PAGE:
One step followed another with a weary familiarity, like a piece of choreography danced and seen too often.
The unarmed black man, killed by a police bullet, was not in his coffin when New York’s Mayor Rudolph Giuliani released his arrest record. The mayor’s opponent in the Senate race, Hillary Rodham Clinton, who has never walked the city’s streets alone, looking over her shoulders for a mugger, may not grasp that he gave New Yorkers their first taste of security and common struggle against crime. She gave him a sermon on divisiveness.
The politicians who make their living on the streets popped out, not selling chewing gum but racial tensions, and so did the flag burners, bottle throwers and drug legalizers but mostly people who are none of the above, just furious at the mayor and the police.
They are black people he should be getting closer to if they let him, instead of mean-mouthing them as if nobody had feelings except him. The sharpness often jumps out of him because everything he has done for this city is rooted in continuing reduction of crime and drugs. When the public finds the police guilty without investigation, and gets away with it, he responds in defense of the cops without investigation, and cannot understand why he does not get away with it.
I voted for Mayor Rudolph Guiliani and got my vote’s worth. He delivered what I wanted for myself and wife the feeling he would concentrate on lowering crime, including drug use and peddling. He delivered the feeling, and the reality.
There is a short, narrow street off Third Avenue that leads to the Triboro Bridge ramp and Long Island. I was always trapped on it by squeegee men tapping a warning on my fender with their metal wipers. Now there are usually none. I call that street Giuliani Liberation Boulevard.
Blacks benefit even more from Giuliani successes against crime than whites, because so many live where crime is highest. He does not have to court Al Sharpton, like so many Democratic politicians running for office. The Giuliani-Sharpton mutual detestation is a medal for the mayor. I think it is too late for him to get many black votes. But for the city’s sake, however he defines reaching out, he should do it. Maybe more blacks and Hispanics will realize their worst enemy is crime, not the city’s chief crime fighter.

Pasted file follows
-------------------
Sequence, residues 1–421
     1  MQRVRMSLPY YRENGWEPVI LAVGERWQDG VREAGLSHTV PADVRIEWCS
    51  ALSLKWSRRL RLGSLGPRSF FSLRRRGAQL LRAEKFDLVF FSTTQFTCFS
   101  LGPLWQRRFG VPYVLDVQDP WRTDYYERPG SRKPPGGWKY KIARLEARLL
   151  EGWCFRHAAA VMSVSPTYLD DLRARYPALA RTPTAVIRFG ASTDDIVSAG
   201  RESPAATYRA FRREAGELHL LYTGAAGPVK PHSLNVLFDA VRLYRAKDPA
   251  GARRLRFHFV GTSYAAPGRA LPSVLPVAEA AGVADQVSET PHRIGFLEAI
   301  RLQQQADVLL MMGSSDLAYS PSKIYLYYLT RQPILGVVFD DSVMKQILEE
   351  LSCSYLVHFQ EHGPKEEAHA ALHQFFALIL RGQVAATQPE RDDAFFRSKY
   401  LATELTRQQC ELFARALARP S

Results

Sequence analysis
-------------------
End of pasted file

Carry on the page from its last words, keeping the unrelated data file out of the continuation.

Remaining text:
If he loses the election because some whites who had supported him walk away in irritation about his red-hot manners, he and they will have delivered all in the state unto years and years of Clintonian sermons. Among Americans who would rejoice at a Giuliani defeat are, of course, those who want to legalize drugs and destroy the drug war. (Hillary Clinton is not repeat, not part of that small but influential segment of society).
The use and sale of illegal narcotics are crimes. The mayor cracks down on them. Naturally, the legalizers can’t stand him. He is a leader in the war against drugs, which they are determined to kill by constantly saying it is already dead, leaping over proof that it is succeeding.
The legalizers and their organizations are almost all white and outside the neighborhoods made hell for parents and children by junkies and their suppliers. Organized opponents of the drug war carefully duck the word “legalization” and use nicey-nice ones like “reform,” “liberalization” and “harm reduction.”
I know legalizers I would not call enemies of society. That makes them even less excusable, because their movement is an enemy. It would multiply the number of addicts, and lift crime in a rocket. Addicts do not usually commit crimes to get money for drugs, but after they use them.
Now legalizers crow because Patrick Desmond, whose death aroused the fury, was killed during a police search for marijuana dealers but had no drugs on him. They say it shows the whole anti-drug war is useless and dead, dead you hear? I do not believe legalizers are stupid enough to believe that line. If they did, George Soros could fold the anti-drug war organizations he funds and put the money to decent use.
But legalizers think they can hit the mayor with their anti-drug war stick. Instead they whack themselves over the head. It is good for a laugh, the stuff of life.
Maybe that might loosen up some blacks and the mayor enough to remember that they have at least two great reachable goals in common for the city and are moving toward them. They are: less drugs, less crime, less and less.
A.M. Rosenthal is the former executive editor of the New York Times.